Discussion:
How to debug why a unit is started when?
(too old to reply)
Tomasz Torcz 👁️
2018-03-16 15:56:29 UTC
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On Fri, Mar 16, 2018 at 04:49:28PM +0100, Paul Menzel wrote:
> Dear systemd folks,
>
>
> I am trying to get the GDM login screen started earlier on a Dell XPS 13
> 9370 with Debian Sid/unstable system with systemd 238. Currently, after
> selecting the Linux kernel in GRUB it’s only displayed after roughly eight
> to ten seconds while Linux takes around two seconds [1].
>
> Using systemd-bootchart I see that GDM is started quite late [1], and I
> wondering if there is an option to find out why.

Not a direct answer to your question, but you can use systemd-bootchart
to get graphical timeline of how long did it take to start different
units. Then you will have to find box for GDM and see which other
boxes ended at the moment GDM started.

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Andrei Borzenkov
2018-03-16 16:04:44 UTC
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16.03.2018 18:49, Paul Menzel пишет:
> Dear systemd folks,
>
>
> I am trying to get the GDM login screen started earlier on a Dell XPS 13
> 9370 with Debian Sid/unstable system with systemd 238. Currently, after
> selecting the Linux kernel in GRUB it’s only displayed after roughly
> eight to ten seconds while Linux takes around two seconds [1].
>
> Using systemd-bootchart I see that GDM is started quite late [1], and I
> wondering if there is an option to find out why.
>
> GDM’s service unit [2] has the “dependencies” below.
>
>     After=rc-local.service plymouth-start.service
> systemd-user-sessions.service
>
> Is there a debug option, where systemd says, why a certain unit is
> started? For example, reached target X and therefore starting Y.
>

systemctl --after (--recursive) --list-dependencies gdm.service

may be the first step. Or use systemd-analyze chart to see full picture
of what was started when.
Colin Guthrie
2018-03-19 06:31:33 UTC
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Paul Menzel wrote on 17/03/18 17:50:
> Dear Andrei,
>
>
> On 03/16/2018 05:04 PM, Andrei Borzenkov wrote:
>> 16.03.2018 18:49, Paul Menzel пишет:
>
>>> I am trying to get the GDM login screen started earlier on a Dell XPS 13
>>> 9370 with Debian Sid/unstable system with systemd 238. Currently, after
>>> selecting the Linux kernel in GRUB it’s only displayed after roughly
>>> eight to ten seconds while Linux takes around two seconds [1].
>>>
>>> Using systemd-bootchart I see that GDM is started quite late [1], and I
>>> wondering if there is an option to find out why.
>>>
>>> GDM’s service unit [2] has the “dependencies” below.
>>>
>>>      After=rc-local.service plymouth-start.service
>>> systemd-user-sessions.service
>>>
>>> Is there a debug option, where systemd says, why a certain unit is
>>> started? For example, reached target X and therefore starting Y.
>>
>> systemctl --after (--recursive) --list-dependencies gdm.service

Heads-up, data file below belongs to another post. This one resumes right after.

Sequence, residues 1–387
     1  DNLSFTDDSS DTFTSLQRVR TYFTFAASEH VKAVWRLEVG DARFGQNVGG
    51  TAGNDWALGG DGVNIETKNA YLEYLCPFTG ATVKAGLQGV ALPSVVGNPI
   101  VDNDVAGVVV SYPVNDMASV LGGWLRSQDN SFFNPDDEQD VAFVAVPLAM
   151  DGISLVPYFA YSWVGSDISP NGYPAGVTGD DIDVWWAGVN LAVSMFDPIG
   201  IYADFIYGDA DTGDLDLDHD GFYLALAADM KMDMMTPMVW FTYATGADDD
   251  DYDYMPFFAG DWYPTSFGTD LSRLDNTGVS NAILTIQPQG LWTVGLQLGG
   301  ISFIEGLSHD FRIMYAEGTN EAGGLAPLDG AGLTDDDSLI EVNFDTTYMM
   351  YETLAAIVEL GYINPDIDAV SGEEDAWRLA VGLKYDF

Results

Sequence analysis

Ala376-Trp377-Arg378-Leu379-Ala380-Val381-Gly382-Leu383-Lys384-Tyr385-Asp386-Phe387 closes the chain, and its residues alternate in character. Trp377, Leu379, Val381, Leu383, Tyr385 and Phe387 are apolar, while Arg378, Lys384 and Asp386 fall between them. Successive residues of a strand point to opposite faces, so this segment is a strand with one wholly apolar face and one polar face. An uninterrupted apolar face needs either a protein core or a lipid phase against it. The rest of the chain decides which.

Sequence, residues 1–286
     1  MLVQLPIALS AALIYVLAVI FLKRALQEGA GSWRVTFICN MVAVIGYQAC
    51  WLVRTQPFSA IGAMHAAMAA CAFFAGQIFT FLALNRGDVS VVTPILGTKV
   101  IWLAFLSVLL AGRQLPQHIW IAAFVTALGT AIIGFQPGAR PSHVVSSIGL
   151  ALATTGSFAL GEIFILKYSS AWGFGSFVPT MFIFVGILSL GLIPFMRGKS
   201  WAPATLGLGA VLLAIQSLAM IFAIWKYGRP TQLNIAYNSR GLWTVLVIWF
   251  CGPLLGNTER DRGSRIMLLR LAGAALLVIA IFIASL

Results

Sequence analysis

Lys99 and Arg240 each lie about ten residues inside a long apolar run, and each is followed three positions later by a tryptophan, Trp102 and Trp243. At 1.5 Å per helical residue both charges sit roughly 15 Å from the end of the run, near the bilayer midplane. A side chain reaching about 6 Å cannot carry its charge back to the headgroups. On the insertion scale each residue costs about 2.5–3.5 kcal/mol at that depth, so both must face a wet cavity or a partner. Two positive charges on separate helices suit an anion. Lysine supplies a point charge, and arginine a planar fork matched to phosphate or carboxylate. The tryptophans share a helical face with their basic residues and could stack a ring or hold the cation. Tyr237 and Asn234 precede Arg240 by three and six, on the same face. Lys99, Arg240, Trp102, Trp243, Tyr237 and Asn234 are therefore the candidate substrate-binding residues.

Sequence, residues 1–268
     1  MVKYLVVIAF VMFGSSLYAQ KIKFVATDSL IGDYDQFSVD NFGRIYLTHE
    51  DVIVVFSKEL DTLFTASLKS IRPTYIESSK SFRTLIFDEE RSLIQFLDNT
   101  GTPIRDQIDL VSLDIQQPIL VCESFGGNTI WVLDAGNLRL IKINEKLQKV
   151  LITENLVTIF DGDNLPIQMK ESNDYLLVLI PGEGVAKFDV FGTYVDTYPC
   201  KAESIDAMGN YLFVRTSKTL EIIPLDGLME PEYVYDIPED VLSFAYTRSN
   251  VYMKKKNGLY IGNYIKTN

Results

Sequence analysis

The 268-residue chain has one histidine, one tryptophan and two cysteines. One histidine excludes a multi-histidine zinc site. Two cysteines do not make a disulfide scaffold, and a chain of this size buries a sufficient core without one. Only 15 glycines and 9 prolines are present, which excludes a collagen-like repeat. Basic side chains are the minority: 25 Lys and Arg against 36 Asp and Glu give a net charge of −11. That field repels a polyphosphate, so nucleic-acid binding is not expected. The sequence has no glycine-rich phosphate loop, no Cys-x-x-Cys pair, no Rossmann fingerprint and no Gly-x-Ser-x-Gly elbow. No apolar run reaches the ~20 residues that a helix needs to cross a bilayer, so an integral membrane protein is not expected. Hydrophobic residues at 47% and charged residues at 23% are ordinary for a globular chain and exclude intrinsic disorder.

>>
>> may be the first step. Or use systemd-analyze chart to see full picture
>> of what was started when.
>
> I didn’t know about `systemd-analyze plot`. Please find the SVG file
> attached.
>
> Looking at the log messages, I kind of think it’s related to the
> NetworkManager, but I do not see the dependency. Is it
> `rc-local.service`? It seems to depend on the `network.target`.

I didn't look too hard at the data, but from experience,
systemd-user-sessions often has to start after the network is online as
user accounts may be defined in e.g. LDAP etc.

This is the likely chain you need to break and configure accordingly.

e.g. if you have no network filesystems (defined without noauto or
nofail) and no LDAP/NIS users etc., then you may not need
networkmanager-wait-online.service and if you disable this, things might
go a lot faster.

Be careful however, as some old network-listening services may still
need this dodgy delay service to function properly.

HTHs

Col

--

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Jérémy Rosen
2018-03-19 08:21:58 UTC
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systemd-analyze critcal-chain gdm.service  should print the "wait
critical chain" for your unit...i.e why it waited.

does that give you any usefull info ?

On 16/03/2018 16:49, Paul Menzel wrote:
> Dear systemd folks,
>
>
> I am trying to get the GDM login screen started earlier on a Dell XPS
> 13 9370 with Debian Sid/unstable system with systemd 238. Currently,
> after selecting the Linux kernel in GRUB it’s only displayed after
> roughly eight to ten seconds while Linux takes around two seconds [1].
>
> Using systemd-bootchart I see that GDM is started quite late [1], and
> I wondering if there is an option to find out why.
>
> GDM’s service unit [2] has the “dependencies” below.
>
>     After=rc-local.service plymouth-start.service
> systemd-user-sessions.service
>
> Is there a debug option, where systemd says, why a certain unit is
> started? For example, reached target X and therefore starting Y.
>
>
> Kind regards,
>
> Paul
>
>
> [1] https://bugzilla.gnome.org/show_bug.cgi?id=794336
> [2] https://git.gnome.org/browse/gdm/tree/data/gdm.service.in
>
>
>
> _______________________________________________
> systemd-devel mailing list
> systemd-***@lists.freedesktop.org
> https://lists.freedesktop.org/mailman/listinfo/systemd-devel

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